In this talk, I will introduce the white-box model before explaining the specificities of the ECDSA algorithm in this context. I will then present the different attacks that we used to break almost all the challenges of the WhibOx Contest.

best known families of pairing-friendly elliptic curves. Since then, the

research effort mostly shifted from the generation of pairing-friendly curves to

the improvement of algorithms or the assessment of security parameters to resist

the latest attacks on the discrete logarithm problem. Consequently, very few new

families were discovered. However, the need of pairing-friendly curves of prime

order in some new applications such as SNARKs has reignited the interest in the

generation of pairing-friendly curves, with hope of finding families similar to

the one discovered by Barreto and Naehrig.

Building on the work of Kachisa, Schaefer, and Scott, we show that some elements

of extensions of a cyclotomic field have a higher probability of generating a

family of pairing-friendly curves. We present a general framework which embraces

the KSS families and many of the other families in the taxonomy paper. We finally

introduce a new family with embedding degree k=20 which we estimate to provide

a faster Miller loop compared to KSS16 and KSS18 at the 192-bit security level.

Previous constructions of programmable PCG's for OLE's suffer from two downsides: (1) They only generate OLE's over large fields, and (2) They rely on a rather recent "splittable Ring-LPN" assumption which lacks from strong security foundations.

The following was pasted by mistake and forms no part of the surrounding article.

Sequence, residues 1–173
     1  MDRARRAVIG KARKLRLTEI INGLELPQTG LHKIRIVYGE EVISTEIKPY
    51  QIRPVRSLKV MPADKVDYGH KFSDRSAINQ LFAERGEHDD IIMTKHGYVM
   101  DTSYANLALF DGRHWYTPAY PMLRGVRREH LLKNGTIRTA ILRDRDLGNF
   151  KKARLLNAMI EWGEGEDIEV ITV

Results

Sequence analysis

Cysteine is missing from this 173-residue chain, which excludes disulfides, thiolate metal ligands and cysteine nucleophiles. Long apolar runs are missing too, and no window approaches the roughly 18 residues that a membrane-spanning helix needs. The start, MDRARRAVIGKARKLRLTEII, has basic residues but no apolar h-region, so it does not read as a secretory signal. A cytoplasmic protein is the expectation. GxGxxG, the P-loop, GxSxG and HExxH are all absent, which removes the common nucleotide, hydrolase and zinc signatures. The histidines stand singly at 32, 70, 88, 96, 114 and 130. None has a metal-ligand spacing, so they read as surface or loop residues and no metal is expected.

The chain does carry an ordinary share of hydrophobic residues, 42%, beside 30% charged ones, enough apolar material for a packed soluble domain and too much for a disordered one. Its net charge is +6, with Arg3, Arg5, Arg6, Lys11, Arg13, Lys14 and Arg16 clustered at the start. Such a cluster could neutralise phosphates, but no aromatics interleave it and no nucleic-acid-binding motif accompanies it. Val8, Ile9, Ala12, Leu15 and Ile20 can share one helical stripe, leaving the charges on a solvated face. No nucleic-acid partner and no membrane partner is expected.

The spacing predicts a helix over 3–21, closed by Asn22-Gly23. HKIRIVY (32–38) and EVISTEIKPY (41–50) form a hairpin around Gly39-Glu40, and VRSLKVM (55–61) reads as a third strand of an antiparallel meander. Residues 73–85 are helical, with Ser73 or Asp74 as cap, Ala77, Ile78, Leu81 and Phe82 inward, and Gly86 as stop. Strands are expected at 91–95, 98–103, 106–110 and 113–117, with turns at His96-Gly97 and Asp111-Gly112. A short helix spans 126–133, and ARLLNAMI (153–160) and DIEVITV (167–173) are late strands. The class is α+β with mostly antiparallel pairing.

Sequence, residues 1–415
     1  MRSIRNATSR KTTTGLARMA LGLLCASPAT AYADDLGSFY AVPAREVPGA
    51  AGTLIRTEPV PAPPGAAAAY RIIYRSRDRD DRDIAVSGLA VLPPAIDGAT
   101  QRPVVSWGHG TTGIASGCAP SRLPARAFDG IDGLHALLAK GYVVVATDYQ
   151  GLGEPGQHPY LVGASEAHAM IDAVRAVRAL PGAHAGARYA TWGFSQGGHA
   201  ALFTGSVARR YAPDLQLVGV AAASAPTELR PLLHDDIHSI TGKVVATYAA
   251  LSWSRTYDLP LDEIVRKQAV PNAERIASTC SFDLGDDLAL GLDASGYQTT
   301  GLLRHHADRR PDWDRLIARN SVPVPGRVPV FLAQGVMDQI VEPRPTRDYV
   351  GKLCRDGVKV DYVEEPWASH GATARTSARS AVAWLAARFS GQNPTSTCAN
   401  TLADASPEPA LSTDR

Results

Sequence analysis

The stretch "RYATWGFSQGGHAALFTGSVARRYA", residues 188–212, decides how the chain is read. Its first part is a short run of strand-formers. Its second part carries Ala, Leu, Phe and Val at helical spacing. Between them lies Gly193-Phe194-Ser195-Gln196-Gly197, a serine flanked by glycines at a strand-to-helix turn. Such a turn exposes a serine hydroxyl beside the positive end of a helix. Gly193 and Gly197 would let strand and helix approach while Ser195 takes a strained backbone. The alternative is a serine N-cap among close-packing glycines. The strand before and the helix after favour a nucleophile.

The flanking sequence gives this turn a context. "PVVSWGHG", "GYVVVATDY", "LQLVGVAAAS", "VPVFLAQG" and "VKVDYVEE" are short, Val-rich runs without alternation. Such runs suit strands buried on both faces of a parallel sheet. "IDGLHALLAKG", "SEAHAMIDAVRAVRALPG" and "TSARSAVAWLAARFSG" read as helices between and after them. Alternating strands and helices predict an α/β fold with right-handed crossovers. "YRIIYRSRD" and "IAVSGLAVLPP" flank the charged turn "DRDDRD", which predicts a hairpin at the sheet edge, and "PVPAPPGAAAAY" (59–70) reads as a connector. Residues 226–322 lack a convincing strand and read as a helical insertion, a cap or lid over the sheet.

In this talk, I will present a way to overcome both limitation by introducing the "Quasi-Abelian Decoding Problem" which generalises the well-known decoding problem of quasi-cyclic codes, and show how its hardness allows to build programmable PCG's for the OLE correlation over any field Fq (with q>2).

Finally, if time permits, I will evoke some ideas towards the q=2 case, which involves some elements from the theory of Carlitz modules over F2(T).

This is based on a joint work with Geoffroy Couteau, Alain Couvreur and Clément Ducros

Works of Deligne and Centeleghe-Stix allow us to describe these abelian varieties in terms of fractional ideals of an order in an étale algebra. I will explain how such descriptions can be exploited to explictly compute the abelian varieties up to isomorphism.

Moreover, results by Howe give us a way to compute principal polarisations of the abelian varieties in the ordinary case. In a joint work with Bergström and Karemaker we extend these results to the prime field case.

link with algebraicity. Then I will present two families of

automatic algebraic continued fractions in characteristic 2.

In this talk, we will describe the general framework of Kummer lines, based on two families of examples: Montgomery xz-coordinates and theta models. We will then explain how to find 2-isogeny formulas, whether they were already known or new, and how we mixed them to improve elliptic curve arithmetic.